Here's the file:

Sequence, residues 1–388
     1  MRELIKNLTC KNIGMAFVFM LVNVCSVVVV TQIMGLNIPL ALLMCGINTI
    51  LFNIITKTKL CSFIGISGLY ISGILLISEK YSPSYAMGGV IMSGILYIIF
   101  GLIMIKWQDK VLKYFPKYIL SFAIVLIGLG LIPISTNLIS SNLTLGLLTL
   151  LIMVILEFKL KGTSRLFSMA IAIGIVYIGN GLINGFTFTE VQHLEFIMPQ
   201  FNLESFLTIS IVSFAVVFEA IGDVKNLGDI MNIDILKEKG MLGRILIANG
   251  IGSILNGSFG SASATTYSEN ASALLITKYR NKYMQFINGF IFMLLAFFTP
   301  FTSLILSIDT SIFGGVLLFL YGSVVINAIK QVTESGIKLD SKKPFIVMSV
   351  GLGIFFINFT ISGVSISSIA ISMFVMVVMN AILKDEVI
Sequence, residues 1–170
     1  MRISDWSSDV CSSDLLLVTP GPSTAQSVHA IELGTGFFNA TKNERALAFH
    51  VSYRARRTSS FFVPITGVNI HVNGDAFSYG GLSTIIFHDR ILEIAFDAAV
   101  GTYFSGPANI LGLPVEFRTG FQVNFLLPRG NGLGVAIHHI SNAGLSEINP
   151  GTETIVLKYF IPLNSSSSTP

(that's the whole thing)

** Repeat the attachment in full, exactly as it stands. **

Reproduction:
Sequence, residues 1–388
     1  MRELIKNLTC KNIGMAFVFM LVNVCSVVVV TQIMGLNIPL ALLMCGINTI
    51  LFNIITKTKL CSFIGISGLY ISGILLISEK YSPSYAMGGV IMSGILYIIF
   101  GLIMIKWQDK VLKYFPKYIL SFAIVLIGLG LIPISTNLIS SNLTLGLLTL
   151  LIMVILEFKL KGTSRLFSMA IAIGIVYIGN GLINGFTFTE VQHLEFIMPQ
   201  FNLESFLTIS IVSFAVVFEA IGDVKNLGDI MNIDILKEKG MLGRILIANG
   251  IGSILNGSFG SASATTYSEN ASALLITKYR NKYMQFINGF IFMLLAFFTP
   301  FTSLILSIDT SIFGGVLLFL YGSVVINAIK QVTESGIKLD SKKPFIVMSV
   351  GLGIFFINFT ISGVSISSIA ISMFVMVVMN AILKDEVI
Sequence, residues 1–170
     1  MRISDWSSDV CSSDLLLVTP GPSTAQSVHA IELGTGFFNA TKNERALAFH
    51  VSYRARRTSS FFVPITGVNI HVNGDAFSYG GLSTIIFHDR ILEIAFDAAV
   101  GTYFSGPANI LGLPVEFRTG FQVNFLLPRG NGLGVAIHHI SNAGLSEINP
   151  GTETIVLKYF IPLNSSSSTP